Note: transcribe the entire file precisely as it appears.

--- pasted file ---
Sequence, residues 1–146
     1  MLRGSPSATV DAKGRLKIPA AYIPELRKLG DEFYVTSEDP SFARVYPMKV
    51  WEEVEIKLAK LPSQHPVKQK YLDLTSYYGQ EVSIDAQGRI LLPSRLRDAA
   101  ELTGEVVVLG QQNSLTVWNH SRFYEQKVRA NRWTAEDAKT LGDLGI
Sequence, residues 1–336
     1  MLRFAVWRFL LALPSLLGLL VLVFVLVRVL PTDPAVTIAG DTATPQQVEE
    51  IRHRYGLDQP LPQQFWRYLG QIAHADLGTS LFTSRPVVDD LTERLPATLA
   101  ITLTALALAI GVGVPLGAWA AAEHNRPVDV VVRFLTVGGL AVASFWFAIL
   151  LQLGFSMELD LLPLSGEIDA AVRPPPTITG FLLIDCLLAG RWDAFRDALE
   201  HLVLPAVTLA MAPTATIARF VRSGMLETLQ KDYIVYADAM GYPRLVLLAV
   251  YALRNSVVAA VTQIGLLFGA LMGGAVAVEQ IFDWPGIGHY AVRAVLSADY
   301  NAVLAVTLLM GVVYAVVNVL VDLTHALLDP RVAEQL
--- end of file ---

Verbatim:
Sequence, residues 1–146
     1  MLRGSPSATV DAKGRLKIPA AYIPELRKLG DEFYVTSEDP SFARVYPMKV
    51  WEEVEIKLAK LPSQHPVKQK YLDLTSYYGQ EVSIDAQGRI LLPSRLRDAA
   101  ELTGEVVVLG QQNSLTVWNH SRFYEQKVRA NRWTAEDAKT LGDLGI
Sequence, residues 1–336
     1  MLRFAVWRFL LALPSLLGLL VLVFVLVRVL PTDPAVTIAG DTATPQQVEE
    51  IRHRYGLDQP LPQQFWRYLG QIAHADLGTS LFTSRPVVDD LTERLPATLA
   101  ITLTALALAI GVGVPLGAWA AAEHNRPVDV VVRFLTVGGL AVASFWFAIL
   151  LQLGFSMELD LLPLSGEIDA AVRPPPTITG FLLIDCLLAG RWDAFRDALE
   201  HLVLPAVTLA MAPTATIARF VRSGMLETLQ KDYIVYADAM GYPRLVLLAV
   251  YALRNSVVAA VTQIGLLFGA LMGGAVAVEQ IFDWPGIGHY AVRAVLSADY
   301  NAVLAVTLLM GVVYAVVNVL VDLTHALLDP RVAEQL